Based on the NCARB requirement for a 36" passageway, we understand this to mean that each piece of furniture must be accessible via a 36" clear access aisle.
The most efficient and effective way to verify that your solution has a 36" aisle is by checking it with a 36" 'sketch' circle. However, this is where many candidates make a mistake. They use a 'sketch' circle to establish the distance between two elements, but forget to provide a clear path to those elements.
In this example, the candidate has not provided a clear path to all of the furniture.
Although each piece has a 36" clear area in front of it, the coffee table, the large bookcase, and the three chairs on the east side of the conference table are effectively inaccessible.
Because the door on the east wall and the chair at the north end of the conference table are blocking the access aisle, the furniture in the northeast corner of the room is not accessible, i.e. there is no 36" clear access aisle.
Remove the impediment of the door, for example, and the access aisle is restored.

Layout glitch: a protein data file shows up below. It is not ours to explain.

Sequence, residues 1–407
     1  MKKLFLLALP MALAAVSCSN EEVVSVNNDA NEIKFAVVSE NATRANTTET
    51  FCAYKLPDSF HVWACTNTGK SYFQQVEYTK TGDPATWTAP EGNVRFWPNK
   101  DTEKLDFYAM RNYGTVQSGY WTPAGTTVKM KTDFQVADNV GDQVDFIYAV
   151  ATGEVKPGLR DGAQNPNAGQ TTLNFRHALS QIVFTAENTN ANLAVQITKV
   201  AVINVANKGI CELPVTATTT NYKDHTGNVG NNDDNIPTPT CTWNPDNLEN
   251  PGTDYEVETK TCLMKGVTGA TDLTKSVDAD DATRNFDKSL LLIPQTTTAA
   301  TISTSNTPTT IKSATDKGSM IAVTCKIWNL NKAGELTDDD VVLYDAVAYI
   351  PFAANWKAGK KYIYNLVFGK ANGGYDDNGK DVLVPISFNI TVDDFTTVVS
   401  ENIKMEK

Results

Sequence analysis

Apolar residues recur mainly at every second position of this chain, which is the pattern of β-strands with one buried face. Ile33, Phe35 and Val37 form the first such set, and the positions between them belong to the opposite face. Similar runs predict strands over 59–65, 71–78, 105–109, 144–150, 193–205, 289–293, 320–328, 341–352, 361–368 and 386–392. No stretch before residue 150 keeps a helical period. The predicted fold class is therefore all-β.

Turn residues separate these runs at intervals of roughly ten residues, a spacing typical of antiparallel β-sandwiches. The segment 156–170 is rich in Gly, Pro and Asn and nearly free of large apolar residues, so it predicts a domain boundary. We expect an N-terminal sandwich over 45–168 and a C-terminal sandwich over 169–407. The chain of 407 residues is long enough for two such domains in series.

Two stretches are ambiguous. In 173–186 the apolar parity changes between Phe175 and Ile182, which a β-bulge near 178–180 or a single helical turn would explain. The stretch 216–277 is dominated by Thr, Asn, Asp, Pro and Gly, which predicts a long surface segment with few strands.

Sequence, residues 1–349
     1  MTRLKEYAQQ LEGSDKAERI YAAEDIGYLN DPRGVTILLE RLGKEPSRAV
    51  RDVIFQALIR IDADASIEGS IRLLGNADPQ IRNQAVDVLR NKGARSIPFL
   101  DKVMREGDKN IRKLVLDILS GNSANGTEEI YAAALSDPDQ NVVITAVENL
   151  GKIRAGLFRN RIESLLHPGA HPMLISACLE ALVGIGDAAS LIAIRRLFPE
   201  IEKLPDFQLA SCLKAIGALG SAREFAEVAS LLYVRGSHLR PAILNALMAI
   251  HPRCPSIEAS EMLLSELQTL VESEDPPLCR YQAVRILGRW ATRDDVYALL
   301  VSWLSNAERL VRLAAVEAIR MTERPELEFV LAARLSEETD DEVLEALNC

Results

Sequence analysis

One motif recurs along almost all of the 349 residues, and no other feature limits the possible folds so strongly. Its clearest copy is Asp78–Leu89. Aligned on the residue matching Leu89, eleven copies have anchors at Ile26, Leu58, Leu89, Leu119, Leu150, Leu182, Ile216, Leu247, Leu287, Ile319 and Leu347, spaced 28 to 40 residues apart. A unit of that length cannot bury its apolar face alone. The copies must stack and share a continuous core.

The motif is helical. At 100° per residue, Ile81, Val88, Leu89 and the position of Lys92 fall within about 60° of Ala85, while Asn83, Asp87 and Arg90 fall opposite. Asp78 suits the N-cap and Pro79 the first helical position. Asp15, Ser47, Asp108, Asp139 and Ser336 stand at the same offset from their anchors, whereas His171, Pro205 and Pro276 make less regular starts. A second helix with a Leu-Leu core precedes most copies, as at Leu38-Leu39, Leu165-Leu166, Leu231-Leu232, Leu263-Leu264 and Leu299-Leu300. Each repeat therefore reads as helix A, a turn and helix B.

Using a 36" 'sketch' circle to measure the distance between two elements is only part of the process.
Consider the 'sketch' circle to be a moving object, much like a big Roomba robot vacuum cleaner. The Roomba must be able to get to all of the furniture, thereby establishing a path. If it cannot squeeze between two elements, then a 36" clear access aisle has not been provided.
Draw a 36" diameter 'sketch' circle anywhere on the screen. With the circle still connected to your cursor, "drive" the circle around on the plan (like a Roomba); through the door, around the table, between pieces of furniture. If access to something is blocked, you'll need to make some adjustments.